new orleans — A backer of a bill that would have charged murder with abortions on Louisiana women abruptly withdrew the proposal from debate on Thursday night after lawmakers voted for an overhaul of the bill to 65-26 to eliminate criminal penalties.
The controversial bill would have taken more chances against abortion than legislators in any other state. It would make women who end their pregnancy the subject of criminal homicide charges.
Oil City Republican Congressman Danny McCormick opened the debate by declaring, “This is an esoteric political question, but we all know it’s actually very simple. Abortion is murder.” He said Republicans briefly scolded opponents of abortion rights who oppose his bill, saying the majority of Louisiana lawmakers in the overweight legislature are anti-abortion rights. “We stumble and try to explain,” he said.
But McCormick’s actions provoked increasingly strong opposition from many anti-abortion rights supporters. Governor John Bel Edwards, an anti-abortion Democrat, said he would veto it. The Louisiana Right to Life, the Louisiana Catholic Bishops’ Conference and the National Right to Life Commission were prominent opponents of abortion.
Edwards, a devout Catholic, declared it “irrational” to prosecute a woman for an abortion.
McCormick strongly opposed that a woman who had an abortion should have the same legal status as a woman who took the life of a child after birth. “It’s possible when we have equal protection for the unborn,” he said in a telephone interview on Wednesday evening.
Supporters of the bill were adamant. Dozens of them gathered in the Capitol to pray and support. “Shame,” shouted one of the men in the party watching the bill being drafted from the balcony of the house.
The House of Representatives held a debate on the controversial bill when the building was temporarily evacuated Thursday after a speaker halted the process and said an unknown, unclaimed parcel was found at the Capitol Memorial, the meeting point between the House and Senate chambers. Haven’t started yet.
It was the day the bill was already moving slowly as lawmakers tried to find a compromise on McCormick’s bill. The House of Representatives adjourned for more than an hour, and lawmakers split into private groups to discuss the bill.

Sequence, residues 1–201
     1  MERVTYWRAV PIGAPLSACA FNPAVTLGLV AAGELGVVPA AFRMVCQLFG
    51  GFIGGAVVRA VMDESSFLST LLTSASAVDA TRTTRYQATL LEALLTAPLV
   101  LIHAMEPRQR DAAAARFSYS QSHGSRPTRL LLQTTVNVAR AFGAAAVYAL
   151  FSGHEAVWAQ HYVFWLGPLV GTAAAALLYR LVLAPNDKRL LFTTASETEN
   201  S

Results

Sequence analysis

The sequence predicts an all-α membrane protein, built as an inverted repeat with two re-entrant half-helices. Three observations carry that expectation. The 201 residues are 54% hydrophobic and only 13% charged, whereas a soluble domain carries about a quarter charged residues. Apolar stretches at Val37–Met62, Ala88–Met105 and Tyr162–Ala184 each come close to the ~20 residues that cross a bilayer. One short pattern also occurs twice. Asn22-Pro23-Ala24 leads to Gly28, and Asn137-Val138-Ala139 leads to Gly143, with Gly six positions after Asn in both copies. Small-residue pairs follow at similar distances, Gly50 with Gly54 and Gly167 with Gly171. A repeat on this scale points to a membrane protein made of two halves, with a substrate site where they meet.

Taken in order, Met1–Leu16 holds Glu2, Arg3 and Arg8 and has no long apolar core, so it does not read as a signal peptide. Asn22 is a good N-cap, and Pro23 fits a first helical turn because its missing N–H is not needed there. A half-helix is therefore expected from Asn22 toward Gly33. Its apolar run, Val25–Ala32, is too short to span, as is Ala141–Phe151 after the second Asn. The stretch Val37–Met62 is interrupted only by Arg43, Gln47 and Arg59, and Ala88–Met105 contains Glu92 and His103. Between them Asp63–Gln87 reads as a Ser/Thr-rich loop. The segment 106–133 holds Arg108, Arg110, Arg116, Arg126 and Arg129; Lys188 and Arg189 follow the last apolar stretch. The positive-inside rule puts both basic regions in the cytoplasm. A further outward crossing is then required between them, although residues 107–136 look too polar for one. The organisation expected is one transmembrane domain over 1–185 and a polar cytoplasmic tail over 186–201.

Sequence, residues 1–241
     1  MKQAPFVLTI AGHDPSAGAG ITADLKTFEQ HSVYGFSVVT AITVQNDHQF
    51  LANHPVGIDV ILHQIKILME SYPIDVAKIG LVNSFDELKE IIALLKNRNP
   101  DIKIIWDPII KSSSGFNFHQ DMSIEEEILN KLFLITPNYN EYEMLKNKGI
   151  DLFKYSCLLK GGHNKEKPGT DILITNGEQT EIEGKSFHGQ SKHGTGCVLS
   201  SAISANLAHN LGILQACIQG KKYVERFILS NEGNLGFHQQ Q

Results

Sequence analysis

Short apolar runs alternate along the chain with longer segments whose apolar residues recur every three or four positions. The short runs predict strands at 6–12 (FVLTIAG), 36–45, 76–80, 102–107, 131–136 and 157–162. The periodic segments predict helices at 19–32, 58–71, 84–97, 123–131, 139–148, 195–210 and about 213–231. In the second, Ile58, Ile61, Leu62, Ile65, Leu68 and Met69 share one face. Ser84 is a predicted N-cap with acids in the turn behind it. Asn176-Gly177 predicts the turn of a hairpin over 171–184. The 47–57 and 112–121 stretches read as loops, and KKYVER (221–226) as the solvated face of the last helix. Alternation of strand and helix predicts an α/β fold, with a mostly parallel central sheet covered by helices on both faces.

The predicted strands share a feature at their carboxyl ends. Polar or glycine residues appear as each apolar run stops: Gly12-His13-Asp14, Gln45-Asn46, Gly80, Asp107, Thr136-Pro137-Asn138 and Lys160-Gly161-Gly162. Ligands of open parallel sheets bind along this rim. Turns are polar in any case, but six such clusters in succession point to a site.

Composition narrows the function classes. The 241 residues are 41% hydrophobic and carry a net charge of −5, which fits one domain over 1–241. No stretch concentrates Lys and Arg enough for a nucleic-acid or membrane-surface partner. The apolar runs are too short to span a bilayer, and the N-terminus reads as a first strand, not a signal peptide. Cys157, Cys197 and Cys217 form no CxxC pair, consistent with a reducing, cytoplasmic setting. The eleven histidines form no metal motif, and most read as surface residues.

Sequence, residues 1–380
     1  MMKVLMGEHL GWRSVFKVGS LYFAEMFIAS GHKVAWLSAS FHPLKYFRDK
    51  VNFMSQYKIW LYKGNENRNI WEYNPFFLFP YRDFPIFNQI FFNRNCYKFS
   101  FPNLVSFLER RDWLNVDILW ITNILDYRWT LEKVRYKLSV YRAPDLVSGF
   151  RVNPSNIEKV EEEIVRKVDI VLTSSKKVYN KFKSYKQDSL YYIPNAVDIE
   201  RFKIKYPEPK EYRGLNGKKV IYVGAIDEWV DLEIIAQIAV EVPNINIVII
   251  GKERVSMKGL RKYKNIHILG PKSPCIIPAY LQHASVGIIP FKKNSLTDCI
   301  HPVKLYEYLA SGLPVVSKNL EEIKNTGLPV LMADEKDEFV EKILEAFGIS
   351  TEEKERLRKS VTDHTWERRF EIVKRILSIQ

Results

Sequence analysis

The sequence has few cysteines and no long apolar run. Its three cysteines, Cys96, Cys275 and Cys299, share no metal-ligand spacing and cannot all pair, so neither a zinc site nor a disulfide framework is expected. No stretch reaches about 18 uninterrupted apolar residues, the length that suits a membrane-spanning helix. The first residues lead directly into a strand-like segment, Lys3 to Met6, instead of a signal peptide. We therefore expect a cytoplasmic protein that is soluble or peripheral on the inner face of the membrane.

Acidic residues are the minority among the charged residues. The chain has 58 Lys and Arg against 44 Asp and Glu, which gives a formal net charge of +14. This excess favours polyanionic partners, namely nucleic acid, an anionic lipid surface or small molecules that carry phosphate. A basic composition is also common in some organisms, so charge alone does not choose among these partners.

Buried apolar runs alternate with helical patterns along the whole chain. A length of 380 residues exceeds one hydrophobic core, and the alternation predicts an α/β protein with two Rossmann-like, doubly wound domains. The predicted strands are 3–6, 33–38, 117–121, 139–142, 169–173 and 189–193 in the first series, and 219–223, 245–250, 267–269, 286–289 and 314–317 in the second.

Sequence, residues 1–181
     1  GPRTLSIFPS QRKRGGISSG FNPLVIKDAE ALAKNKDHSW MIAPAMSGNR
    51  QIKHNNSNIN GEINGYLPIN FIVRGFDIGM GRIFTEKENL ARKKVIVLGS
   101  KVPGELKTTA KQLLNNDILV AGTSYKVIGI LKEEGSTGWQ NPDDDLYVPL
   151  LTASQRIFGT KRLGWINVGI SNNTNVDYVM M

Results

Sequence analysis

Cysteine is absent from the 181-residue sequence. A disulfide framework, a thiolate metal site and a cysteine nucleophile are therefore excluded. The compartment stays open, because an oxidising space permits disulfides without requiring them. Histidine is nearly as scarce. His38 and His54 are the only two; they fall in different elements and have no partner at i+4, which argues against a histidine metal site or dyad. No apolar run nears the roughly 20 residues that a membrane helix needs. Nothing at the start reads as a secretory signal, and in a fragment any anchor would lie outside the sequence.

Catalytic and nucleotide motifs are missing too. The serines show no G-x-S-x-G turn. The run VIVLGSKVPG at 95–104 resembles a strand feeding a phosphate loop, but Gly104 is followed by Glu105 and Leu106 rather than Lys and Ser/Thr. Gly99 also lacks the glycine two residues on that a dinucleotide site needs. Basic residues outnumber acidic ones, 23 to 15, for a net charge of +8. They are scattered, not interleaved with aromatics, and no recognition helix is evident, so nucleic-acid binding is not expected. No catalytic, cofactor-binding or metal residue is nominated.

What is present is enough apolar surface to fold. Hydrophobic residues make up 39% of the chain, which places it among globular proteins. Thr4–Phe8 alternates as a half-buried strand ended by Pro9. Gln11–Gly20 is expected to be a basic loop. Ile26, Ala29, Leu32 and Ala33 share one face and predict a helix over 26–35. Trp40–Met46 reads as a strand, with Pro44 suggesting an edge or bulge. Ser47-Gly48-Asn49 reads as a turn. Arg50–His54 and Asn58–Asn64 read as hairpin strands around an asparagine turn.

At the time, the pending amendment was Senator Alan Seabaugh’s amendment. Shreveport Republican is an anti-abortion rights advocate. But his amendments overhauled McCormick’s legislation, which declared that women would not face criminal penalties for abortion. He also allowed abortion to save a pregnant woman’s life. And they removed the language from McCormick’s original bill, which seemed to make the birth control pill and at least some aspects of in vitro fertilization illegal.
The amendment also removed wording from McCormick’s bill, which was widely regarded as blatantly unconstitutional. In other words, it is a declaration that any federal law, regulation, or court ruling authorizing abortion is void and any judge who interferes with the enforcement of the provisions of the law may be impeached.
“We cannot give ourselves the power to order the courts to make future conduct unconstitutional,” Seabaugh argued.
This amendment reflects a pending Senate bill aimed at strengthening Louisiana’s abortion law, which will take effect if Roe v. Wade is overturned. Backer McCormick is unlikely to push it forward in the House of Representatives, but the Senate version could still push it forward.
McCormick’s bill, introduced in March, last weekIt indicates that the High Court is preparing to overturn a decision supporting the constitutional right to abortion.
There are no signs yet that lawmakers from other states are adopting similar legislation. Republican Congressman Heather Scott from Idaho has proposed prosecuting a woman who has had an abortion, but the committee chair said Friday she would not allow it. Congressman Brent Crane said, “There are still reasonable people in the legislature who want to get an extreme bill like this out of hearing.”
Louisiana already has a law on books that criminalize abortion. This included the 1973 Supreme Court ruling that recognized the right to abortion, Roe vs. It includes a “incitement law” that guarantees that flipping Wade will be a crime. Some abortion rights advocates have suggested that strengthening is necessary, but the decree appears to exempt women from prosecution.
McCormick said the current law was inadequate to provide equal protection for unborn children under the law.